The procession could begin at the crib if that has been left up in the school hall and the following responses used with the children singing “The light of Christ has come into the world” after each bidding and continuing to sing as the candles are either given to class teachers/reps or processed around the school. Otherwise begin immediately singing “The light of Christ …”

We stand near the place of new birth.

The light of Christ has come into the world …

We turn from the crib to the cross.

The light of Christ has come into the world …

We go to carry his light.

The light of Christ has come into the world …

It would be good to teach in the Worship about Lent and Holy Week and the Easter holiday to come and remind the children of what the school does to mark those celebrations.

Of course, families could be encouraged to stock up with candles and invite the vicar round or bless the candles themselves.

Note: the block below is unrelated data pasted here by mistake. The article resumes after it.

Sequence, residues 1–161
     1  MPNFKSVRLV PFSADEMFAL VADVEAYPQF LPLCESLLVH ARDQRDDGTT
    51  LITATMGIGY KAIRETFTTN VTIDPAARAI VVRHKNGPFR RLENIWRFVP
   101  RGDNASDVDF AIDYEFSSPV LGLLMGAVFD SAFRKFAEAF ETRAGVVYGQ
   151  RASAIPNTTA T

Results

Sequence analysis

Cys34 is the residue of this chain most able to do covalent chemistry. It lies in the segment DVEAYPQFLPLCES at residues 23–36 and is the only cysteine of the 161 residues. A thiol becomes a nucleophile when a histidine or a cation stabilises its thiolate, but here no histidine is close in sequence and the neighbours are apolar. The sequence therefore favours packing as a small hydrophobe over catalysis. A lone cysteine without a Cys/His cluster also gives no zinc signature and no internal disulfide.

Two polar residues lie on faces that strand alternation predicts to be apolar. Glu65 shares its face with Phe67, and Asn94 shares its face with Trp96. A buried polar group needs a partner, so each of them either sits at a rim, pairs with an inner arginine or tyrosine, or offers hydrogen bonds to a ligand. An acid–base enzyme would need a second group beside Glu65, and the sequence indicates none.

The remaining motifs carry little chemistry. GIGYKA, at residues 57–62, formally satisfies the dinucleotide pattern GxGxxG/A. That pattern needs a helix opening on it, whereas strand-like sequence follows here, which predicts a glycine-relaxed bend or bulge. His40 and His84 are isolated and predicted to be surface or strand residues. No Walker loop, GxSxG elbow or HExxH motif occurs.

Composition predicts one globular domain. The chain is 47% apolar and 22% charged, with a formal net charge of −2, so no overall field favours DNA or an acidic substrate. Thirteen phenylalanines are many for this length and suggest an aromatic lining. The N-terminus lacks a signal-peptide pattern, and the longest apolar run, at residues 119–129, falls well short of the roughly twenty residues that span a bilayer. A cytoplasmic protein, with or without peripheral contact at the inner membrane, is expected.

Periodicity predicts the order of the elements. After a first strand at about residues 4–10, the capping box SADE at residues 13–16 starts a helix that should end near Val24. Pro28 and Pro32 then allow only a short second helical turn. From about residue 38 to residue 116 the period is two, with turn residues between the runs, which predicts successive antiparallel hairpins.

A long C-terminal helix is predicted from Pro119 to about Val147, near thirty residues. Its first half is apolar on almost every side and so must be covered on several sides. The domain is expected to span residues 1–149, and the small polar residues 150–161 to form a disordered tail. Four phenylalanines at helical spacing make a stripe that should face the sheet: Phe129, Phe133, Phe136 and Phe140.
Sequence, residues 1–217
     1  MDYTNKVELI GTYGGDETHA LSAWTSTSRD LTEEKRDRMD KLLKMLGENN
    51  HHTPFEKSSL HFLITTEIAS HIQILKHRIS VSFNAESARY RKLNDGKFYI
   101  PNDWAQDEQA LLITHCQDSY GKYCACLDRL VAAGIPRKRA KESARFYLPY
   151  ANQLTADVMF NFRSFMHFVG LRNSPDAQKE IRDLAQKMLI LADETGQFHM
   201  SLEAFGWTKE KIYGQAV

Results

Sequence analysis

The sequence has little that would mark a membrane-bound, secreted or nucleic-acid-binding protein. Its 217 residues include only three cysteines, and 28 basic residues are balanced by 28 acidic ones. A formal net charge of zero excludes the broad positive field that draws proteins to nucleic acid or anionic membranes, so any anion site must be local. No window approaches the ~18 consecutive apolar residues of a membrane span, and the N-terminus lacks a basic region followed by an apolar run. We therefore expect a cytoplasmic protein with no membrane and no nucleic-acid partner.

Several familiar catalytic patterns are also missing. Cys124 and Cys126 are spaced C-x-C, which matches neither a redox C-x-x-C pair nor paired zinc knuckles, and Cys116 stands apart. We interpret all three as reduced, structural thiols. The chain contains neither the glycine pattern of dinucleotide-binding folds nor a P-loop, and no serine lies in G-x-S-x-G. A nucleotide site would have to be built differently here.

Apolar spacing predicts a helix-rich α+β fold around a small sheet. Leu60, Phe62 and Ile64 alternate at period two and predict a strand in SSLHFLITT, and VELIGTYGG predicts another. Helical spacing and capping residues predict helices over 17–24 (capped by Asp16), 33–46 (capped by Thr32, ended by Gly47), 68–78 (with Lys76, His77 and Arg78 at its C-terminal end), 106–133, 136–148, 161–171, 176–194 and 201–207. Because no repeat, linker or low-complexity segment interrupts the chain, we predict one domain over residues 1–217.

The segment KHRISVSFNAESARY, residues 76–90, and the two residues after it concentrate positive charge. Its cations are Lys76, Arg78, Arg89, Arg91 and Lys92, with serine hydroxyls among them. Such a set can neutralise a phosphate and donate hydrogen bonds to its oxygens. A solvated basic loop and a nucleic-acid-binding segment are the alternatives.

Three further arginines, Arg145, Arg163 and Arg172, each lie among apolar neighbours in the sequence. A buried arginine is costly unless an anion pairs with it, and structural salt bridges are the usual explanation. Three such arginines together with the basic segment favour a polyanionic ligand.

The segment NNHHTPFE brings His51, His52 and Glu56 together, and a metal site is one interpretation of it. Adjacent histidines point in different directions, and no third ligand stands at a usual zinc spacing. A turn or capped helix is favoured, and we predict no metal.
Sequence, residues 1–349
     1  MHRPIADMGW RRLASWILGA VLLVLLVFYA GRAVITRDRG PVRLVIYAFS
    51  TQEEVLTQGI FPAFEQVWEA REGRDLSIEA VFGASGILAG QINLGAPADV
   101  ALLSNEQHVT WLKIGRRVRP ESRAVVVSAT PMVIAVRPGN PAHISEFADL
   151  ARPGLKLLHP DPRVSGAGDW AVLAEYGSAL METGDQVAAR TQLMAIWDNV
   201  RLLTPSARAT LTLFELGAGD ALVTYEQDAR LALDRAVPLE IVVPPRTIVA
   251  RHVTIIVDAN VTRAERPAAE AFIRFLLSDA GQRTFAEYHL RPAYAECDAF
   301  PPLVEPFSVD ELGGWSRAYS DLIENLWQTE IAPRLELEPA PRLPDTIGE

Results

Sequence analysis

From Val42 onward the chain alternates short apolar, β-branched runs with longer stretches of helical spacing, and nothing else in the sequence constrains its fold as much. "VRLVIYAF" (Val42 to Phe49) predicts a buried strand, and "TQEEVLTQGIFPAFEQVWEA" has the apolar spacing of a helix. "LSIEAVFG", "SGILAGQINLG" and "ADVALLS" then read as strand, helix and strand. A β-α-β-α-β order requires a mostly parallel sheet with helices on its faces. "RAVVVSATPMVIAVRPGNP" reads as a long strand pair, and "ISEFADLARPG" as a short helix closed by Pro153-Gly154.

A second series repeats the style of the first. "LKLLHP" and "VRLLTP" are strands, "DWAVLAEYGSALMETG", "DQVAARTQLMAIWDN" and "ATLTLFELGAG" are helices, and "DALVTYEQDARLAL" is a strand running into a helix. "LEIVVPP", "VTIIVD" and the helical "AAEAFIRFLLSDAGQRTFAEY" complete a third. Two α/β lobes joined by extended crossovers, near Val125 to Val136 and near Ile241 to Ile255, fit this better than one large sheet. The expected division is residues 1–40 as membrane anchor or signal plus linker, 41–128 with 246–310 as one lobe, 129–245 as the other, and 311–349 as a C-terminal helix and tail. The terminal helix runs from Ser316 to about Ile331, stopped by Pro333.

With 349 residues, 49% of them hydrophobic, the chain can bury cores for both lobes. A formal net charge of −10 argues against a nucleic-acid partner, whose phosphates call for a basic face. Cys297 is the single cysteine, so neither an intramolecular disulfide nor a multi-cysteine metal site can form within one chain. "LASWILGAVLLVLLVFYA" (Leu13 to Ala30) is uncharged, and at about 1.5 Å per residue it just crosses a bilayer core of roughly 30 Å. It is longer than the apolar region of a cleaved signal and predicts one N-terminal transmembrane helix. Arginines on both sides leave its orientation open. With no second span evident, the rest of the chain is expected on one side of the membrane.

***

* I know purists would rather call this feast The Presentation or even The Purification, but words like Candlemas have survived because they have a simplicity to them and are part of our culture. Just as I’ve never understood why people object to the beautiful word christening. What could possibly be wrong with putting Christ into our vocabulary? I am a great believer that schools should preserve these words and names and pass them on to children, when I was a Head the ‘Autumn Term’ was always called Michaelmas.

Advertisements

1 Comment

Leave a Reply

Fill in your details below or click an icon to log in:

WordPress.com Logo

You are commenting using your WordPress.com account. Log Out /  Change )

Google+ photo

You are commenting using your Google+ account. Log Out /  Change )

Twitter picture

You are commenting using your Twitter account. Log Out /  Change )

Facebook photo

You are commenting using your Facebook account. Log Out /  Change )

Connecting to %s